In recent years, retailers have been trending towards opening on Gray Thursday, occurring Thanksgiving evening. In 2011, Walmart began its holiday sale at 10 p.m. on Thanksgiving Day for the first time. In 2012, Walmart began its Black Friday sales at 8 p.m. the day before on Thanksgiving; stores that are normally open 24 hours a day on a regular basis started their sales at this time, while stores that do not have round-the-clock shopping hours opened at 8 p.m. Competitors Sears and Kmart also opened at 8 p.m. on Thursday night, while Target and Toys “R” Us opened at 9 p.m. Other retailers, such as Lord & Taylor opened on Thanksgiving for the first time. In 2013, more retailers announced plans to open earlier on Thanksgiving. Kmart planned to open at 6 a.m. Thanksgiving and stay open for 41 consecutive hours until 11 p.m. Friday. Toys “R” Us opened at 5 p.m. on Thanksgiving. Walmart planned to start Black Friday sales at 6 p.m. on Thanksgiving while Best Buy planned to open at 6 p.m. JC Penney, Kohl’s, Macy’s, Sears, and Target planned to open at 8 p.m. on Thanksgiving. In addition Simon Property Group planned to open its malls at 8 p.m. on Thanksgiving, it had been reported that 15,000 consumers “stormed the entrances” at Macy*s Herald Square for the 8:00 PM opening on Thursday. The 2014 “Gray Thursday” sales were, a failure, as overall sales for the holiday weekend fell 11% compared to the previous year despite heavy traffic at the stores on Thanksgiving night. In response, a number of retailers decided to go back to closing on Thanksgiving for 2015, and Wal-Mart, although it is holding firm opening on the holiday and holding its sale, also pledged to offer the same deals online for those who wished to stay home.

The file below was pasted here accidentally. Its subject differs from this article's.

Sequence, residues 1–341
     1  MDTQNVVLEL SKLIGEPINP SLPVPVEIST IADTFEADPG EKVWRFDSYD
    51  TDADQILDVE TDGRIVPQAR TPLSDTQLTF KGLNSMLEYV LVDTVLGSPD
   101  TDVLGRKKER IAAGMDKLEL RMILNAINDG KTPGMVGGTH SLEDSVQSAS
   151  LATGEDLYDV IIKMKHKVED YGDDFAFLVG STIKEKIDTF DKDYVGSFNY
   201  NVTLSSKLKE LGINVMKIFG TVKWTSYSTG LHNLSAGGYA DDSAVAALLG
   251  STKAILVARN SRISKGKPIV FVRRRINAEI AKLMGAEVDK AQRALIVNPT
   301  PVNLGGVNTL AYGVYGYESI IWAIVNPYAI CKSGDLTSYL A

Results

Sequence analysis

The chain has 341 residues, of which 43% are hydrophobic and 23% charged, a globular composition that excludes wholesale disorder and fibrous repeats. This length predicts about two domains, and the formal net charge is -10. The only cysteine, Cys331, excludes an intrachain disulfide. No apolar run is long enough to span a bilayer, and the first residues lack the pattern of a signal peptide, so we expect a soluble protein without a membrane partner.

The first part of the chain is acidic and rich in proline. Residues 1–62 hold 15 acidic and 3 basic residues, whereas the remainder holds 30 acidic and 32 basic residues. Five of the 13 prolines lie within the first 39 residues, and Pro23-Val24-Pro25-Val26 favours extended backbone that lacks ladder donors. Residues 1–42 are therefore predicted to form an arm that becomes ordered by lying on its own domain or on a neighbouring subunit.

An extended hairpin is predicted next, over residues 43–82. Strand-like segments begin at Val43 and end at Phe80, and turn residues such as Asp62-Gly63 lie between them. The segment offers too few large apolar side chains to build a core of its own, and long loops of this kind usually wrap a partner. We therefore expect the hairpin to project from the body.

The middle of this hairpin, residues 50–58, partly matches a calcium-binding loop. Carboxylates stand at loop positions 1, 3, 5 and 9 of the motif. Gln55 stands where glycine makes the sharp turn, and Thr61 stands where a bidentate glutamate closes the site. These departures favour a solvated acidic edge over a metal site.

Some websites offer information about day-after-Thanksgiving specials up to a month in advance. The text listings of items and prices are usually accompanied by pictures of the actual ad circulars. These are either leaked by insiders or intentionally released by large retailers to give consumers insight and allow them time to plan.